Clown The Villain (Who Are Apollo Night LA Artists of the Week Clown The Villain and Kamille Carondelet – The Hype Magazine

Interviews

Published on January 18th, 2017 | by Jerry Doby

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Who Are Apollo Night LA Artists of the Week Clown The Villain and Kamille Carondelet

Clown The Villain (@clownthevillain) & Kamille Carondelet (@kamichan504) are a Houston-based hip hop duo. Clown (a Los Angeles native) and Kamille (a New Orleans native), decided to join forces after becoming fans of each other’s music and realizing that they share the same vibe and views. With their music, they’ve set out on a journey to educate others about hip-hop culture and life, in general. Winning “Artist of the Week” on Apollo Night LA showcases not only their music, but more importantly, their grind as they brought their fanbase to bear for their show appearance.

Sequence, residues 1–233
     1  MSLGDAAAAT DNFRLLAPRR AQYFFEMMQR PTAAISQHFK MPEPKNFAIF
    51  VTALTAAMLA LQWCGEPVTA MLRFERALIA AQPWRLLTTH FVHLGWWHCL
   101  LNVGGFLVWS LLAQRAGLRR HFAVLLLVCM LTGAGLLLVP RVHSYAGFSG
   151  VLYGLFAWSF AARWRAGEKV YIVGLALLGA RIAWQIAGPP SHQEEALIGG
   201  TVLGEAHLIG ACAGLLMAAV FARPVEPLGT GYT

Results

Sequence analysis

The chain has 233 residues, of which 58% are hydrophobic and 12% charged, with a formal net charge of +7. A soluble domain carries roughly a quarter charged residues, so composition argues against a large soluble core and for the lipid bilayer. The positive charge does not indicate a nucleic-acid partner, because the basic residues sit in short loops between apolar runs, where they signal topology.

From the outside looking in, who are Clown The Villain × Kamille Carondelet?

From the outside looking in, people would say that we’re a present-day version of Eric B. & Rakim. They may even say that we’re a new age Timbaland and Missy Elliott. We don’t follow any standards or formats. We do our own thing. We look for ways to get people to not just think more, but also get outside the box.

What brought you to the entertainment industry, music specifically?